Savvy wealth managers often recommend multifamily investment funds for the powerful benefits they can deliver to accredited investors, including portfolio diversification and passive income. Here we provide a brief overview of multifamily investment funds as well as links to helpful resources for those looking for more detailed information.
What is a multifamily investment fund?
A multifamily investment fund pools together capital from many investors to be managed by a sponsor responsible for investing in multifamily properties. Although any property with two or more dwellings can be considered multifamily, the professional investment community generally thinks of multifamily real estate as apartment buildings or complexes comprised of numerous rental units.
Multifamily funds invest according to the sponsor’s particular strategy, which defines the target property type, tenant profile and location. For example, one fund may focus on student housing in a particular metropolitan center, while another fund may renovate older complexes across several suburban areas.
Commercial real estate investments—including multifamily—are often divided into four segments that broadly reflect their risk-return characteristics. The strategies are typically defined as:
- Core – The newest properties with stable occupancy in extremely desirable areas. As such, they have the lowest risk and yield modest returns for investors, equivalent to approximately 7-9% internal rate of return (IRR).
- Core-Plus – High-quality investments with slightly more risk than core properties, given that the buildings tend to be around 10-15 years old. With small improvements to units and management, cash flows can be upgraded while attracting better tenants. Investors can expect a 10-12% return.
- Value-Add – Value-add properties can be ideal for investors with a moderate to high-risk tolerance seeking high returns. These properties aren’t being used to their fullest potential and commonly have issues with management, repairs, and outdated units. The buildings often have amazing potential for improvement in cash flow once renovations are complete and provide investors with returns in the range of 13-17% over a period of a few years.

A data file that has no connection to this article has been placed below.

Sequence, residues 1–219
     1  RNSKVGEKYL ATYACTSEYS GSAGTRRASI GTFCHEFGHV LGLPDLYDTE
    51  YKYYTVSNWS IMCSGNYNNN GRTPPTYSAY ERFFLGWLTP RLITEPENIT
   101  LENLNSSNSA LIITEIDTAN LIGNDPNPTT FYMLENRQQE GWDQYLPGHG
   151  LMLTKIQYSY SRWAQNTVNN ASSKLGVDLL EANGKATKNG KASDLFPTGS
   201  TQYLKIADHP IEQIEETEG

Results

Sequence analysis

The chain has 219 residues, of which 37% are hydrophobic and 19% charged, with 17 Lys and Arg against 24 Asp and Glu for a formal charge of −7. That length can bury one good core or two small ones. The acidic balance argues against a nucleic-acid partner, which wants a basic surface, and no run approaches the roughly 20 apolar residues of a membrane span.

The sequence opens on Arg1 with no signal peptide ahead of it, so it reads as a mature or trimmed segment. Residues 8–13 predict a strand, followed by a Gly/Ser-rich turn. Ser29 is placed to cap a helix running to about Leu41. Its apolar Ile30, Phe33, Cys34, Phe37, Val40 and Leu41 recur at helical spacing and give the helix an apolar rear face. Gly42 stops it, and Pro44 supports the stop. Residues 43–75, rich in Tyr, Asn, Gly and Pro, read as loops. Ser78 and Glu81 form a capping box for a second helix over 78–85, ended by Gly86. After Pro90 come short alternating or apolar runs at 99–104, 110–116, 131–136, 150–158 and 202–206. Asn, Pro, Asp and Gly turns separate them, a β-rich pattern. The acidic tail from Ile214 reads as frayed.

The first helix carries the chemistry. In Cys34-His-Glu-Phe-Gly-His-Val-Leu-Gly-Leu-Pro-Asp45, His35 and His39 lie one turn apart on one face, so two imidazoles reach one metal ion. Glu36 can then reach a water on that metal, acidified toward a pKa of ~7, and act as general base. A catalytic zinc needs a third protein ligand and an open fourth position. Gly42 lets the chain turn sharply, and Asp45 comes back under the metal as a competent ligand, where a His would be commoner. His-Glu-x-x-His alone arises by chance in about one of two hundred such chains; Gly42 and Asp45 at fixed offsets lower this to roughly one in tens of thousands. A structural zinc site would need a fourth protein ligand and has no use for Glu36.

- Opportunistic – The highest level of risk. Investment in opportunistic properties usually entails the complete renovation of very old buildings or building up from the ground up. Investors may see returns of 19% and above, but they risk the most with these projects.
The Trion Properties approach
We offer private multifamily real estate funds to accredited investors. As specialists in value-add projects, we acquire underutilized assets in improving areas and convert them to modern, attractive places to live. Through extensive renovations and hands-on management, our team optimizes net operating income (NOI) and adds economic value to each investment.
We complete value-add renovations customized to each property’s age, condition, facilities, and surrounding neighborhood, then adjust rents accordingly, manage the property and begin to pay investor dividends. As these properties are eventually sold, the initial investment and accrued profits are paid to investors.
Our funds are typically diversified by including properties dispersed across a region. Our past investments have been in the West and we are now adding properties in the Southeast. Regardless of the market, we complete intense due diligence during acquisition and tenant lease-up. Our rigorous investment approach helps us meet our long-term objective of delivering outsized returns without taking outsized risks. Since its inception in 2005, Trion Properties has generated an average IRR in excess of 25%.
To learn more about the mechanics of real estate funds and see how they compare to REITs, we invite you to check out this guide.
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